Prague Jewish Garden
Not so fast, this is not some horticultural post about what grows in a Jewish garden. This relates to a cemetery close to Wenceslas Square that pre-dates the current Old Jewish Cemetery by 200 years and is recognised as the oldest Jewish burial ground in the country. In the mid-13th Century a Jewish cemetery occupied the area roughly enclosed by the current streets called Spálená, Jungmannová, Charvatova and Lazarská in the New Town and it was simply referred to as the Jewish Garden.
How This Begins for Me
If you have stayed at the old Hotel Christie or what, at the time of writing is the Michelangelo Grand Hotel then you might have noticed a memorial next to the hotel garage formed like black marble gravestones pictured above leaning on each other like you see in the Old Jewish Cemetery and reading the text tells you that it marks the area of an old cemetery. The first thing you might assume is that this was one big cemetery. No, it seems to have been an enclosed area which was split into different parts, maybe to suit the needs of the different Jewish faiths.
I was intrigued to see that the plaque said “A Cohen may not enter the cemetery area” so VERY IMPORTANT: If you are Cohen then you probably don’t want to stay at the Michelangelo Grand because in 2017 on one of my Walking Tours I personally experienced a Cohen of the Jewish Orthodox faith make a detour to avoid even walking under the trees growing in the Old Jewish Cemetery. That was the first time I learned that the Cohens were the priests and were forbidden to walk in the areas containing graves.
So there I had a memorial and a rough map of the area. I kind of put this deep in my memory, so deep that I forgot about it until the Covid-19 lockdowns when suddenly I had a lot of time on my hands.
It’s not for everyone but one of my interests is looking at old maps of Prague to see how it has changed over the years and there are several great online resources to do this.
I was randomly browsing through a street map from 1816 (as you do!) when I came across a street that I know as Vladislavova but on this map it was called Na Zidovske Zahrade which means the On the Jewish Garden. Even though the plaque on the memorial makes no reference to the Jewish Garden it took about a second to make the connection. The map was useful because the roads at the top have additional bracket info i.e. “přední” means “at the front” and “zadní” means at the rear which indicated two original entries. Now to find out more.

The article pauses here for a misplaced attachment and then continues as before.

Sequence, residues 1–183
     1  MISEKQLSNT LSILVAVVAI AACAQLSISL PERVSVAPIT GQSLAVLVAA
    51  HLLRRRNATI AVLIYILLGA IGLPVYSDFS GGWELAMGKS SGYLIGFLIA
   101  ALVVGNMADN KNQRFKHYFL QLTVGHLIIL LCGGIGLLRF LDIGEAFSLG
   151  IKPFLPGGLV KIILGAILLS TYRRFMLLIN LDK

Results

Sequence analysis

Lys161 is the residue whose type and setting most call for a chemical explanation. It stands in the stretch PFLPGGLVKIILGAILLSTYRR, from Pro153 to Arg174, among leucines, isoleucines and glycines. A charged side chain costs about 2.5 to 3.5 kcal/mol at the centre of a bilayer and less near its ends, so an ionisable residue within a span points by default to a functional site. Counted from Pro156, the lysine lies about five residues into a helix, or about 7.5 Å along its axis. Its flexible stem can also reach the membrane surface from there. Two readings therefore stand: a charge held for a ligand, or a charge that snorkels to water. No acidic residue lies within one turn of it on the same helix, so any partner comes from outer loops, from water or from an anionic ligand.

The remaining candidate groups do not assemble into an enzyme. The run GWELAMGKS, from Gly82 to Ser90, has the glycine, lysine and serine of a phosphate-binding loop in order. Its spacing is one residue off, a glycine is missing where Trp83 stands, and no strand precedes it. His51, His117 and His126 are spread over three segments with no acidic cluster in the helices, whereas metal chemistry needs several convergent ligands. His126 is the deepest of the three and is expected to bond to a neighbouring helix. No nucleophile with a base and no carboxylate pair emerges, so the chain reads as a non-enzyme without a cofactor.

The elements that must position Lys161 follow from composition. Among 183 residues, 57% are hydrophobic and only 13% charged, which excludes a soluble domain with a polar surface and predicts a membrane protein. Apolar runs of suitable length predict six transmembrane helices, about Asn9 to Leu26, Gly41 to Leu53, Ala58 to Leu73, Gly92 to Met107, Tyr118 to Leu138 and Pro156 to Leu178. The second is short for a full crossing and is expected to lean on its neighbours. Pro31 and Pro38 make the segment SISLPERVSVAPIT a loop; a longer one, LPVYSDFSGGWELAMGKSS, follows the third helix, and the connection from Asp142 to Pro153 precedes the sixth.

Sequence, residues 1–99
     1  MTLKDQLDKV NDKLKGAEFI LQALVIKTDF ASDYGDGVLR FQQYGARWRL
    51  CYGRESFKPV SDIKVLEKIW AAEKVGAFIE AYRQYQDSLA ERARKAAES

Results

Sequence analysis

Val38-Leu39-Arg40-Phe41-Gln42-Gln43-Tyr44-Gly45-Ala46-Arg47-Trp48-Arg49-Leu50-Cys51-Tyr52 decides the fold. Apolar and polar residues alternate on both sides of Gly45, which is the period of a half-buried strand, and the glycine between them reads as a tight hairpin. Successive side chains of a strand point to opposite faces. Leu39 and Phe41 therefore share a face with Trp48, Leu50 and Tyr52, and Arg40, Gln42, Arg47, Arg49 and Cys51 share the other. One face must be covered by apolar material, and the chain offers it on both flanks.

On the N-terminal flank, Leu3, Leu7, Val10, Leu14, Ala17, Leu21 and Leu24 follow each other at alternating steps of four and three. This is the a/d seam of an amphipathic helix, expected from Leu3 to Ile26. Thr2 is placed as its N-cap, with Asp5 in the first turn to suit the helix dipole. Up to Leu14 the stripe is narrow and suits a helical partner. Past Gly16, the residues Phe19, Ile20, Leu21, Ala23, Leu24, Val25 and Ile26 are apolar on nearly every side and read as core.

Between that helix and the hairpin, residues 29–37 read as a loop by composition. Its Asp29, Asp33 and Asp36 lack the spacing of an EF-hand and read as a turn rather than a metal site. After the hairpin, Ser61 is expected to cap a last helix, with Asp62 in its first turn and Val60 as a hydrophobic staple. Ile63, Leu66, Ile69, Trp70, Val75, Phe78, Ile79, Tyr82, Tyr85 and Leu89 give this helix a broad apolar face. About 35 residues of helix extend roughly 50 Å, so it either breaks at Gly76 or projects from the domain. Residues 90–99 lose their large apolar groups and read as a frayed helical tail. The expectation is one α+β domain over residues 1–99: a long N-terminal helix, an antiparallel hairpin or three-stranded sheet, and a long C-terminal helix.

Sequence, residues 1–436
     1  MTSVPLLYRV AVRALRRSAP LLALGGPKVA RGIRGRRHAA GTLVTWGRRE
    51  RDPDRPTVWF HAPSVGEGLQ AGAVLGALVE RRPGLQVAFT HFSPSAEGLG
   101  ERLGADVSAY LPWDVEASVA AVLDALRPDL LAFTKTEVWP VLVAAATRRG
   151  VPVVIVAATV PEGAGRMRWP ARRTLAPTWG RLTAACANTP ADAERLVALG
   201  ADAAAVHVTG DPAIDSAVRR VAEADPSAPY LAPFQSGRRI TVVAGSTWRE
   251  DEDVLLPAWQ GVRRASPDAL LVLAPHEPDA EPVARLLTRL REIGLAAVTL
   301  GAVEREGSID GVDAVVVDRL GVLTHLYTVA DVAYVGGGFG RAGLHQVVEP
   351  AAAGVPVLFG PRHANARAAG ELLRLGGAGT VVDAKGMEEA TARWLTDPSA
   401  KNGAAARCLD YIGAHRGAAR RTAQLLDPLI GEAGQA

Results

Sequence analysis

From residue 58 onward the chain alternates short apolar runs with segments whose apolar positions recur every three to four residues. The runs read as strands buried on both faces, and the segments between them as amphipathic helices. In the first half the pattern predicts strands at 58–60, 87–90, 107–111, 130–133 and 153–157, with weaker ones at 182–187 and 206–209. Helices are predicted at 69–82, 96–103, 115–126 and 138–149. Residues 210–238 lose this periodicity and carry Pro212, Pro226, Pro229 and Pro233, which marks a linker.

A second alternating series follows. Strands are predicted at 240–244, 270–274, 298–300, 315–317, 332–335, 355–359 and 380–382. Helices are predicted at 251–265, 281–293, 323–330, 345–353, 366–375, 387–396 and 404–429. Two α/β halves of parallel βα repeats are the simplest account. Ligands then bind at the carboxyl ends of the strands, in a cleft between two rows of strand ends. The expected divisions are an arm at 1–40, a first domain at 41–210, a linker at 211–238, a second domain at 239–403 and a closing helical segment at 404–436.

Closed for Business
As the Jewish Ghetto area was defined in 1437 and all Jewish people had to move there and be buried there I’m pretty confident that 1437 would have been the last time the Prague Jewish Garden was used. This is backed up by the king of the period selling the land for development in 1478. But then a question. If this ceased being a functional cemetery in 1478 and was built over, why was the name still being used in 1816? The answer seems to be why not? There was no urgent need to change the name and in fact it was still known as the Prague Jewish Garden up until the 1860s. Then something happens called the Czech National Revival and all the streets in this area were renamed after famous Czechs fighting for recognition of Czech culture and language.
The Jewish Garden is Rediscovered and Protected
In post-Communist Czech a series of archeological digs between 1997 and 2000 discovered more than 400 bodies under buildings which had historically been built with no basement and so the ground had been undisturbed for more than 500 years. The boundaries of the Jewish Garden were finally agreed in 2013 and hence the money raised for preservation activities and the memorial were in place by 2016.
The Jewish Garden covers an area of around 48,000 square metres. In the current streets called Spálená, Jungmannová, Charvatova and Lazarská there are more than 40 plots of land which had previously been part of the cemetery and currently 18 buildings have a special protection order on them because they contain archeological sites relating to the Prague Jewish Garden.
Where Is The Jewish Garden?
The easiest description is to go to the Quadrio Shopping Centre, walk out the rear door (by Kafkas Head) and turn right. You’ll see the memorial to one side on the left as you walk into Vladislavova and if you reach the front of the hotel you’ve walked 20m too far. The memorial is on the route of my Prague City Walking Tour.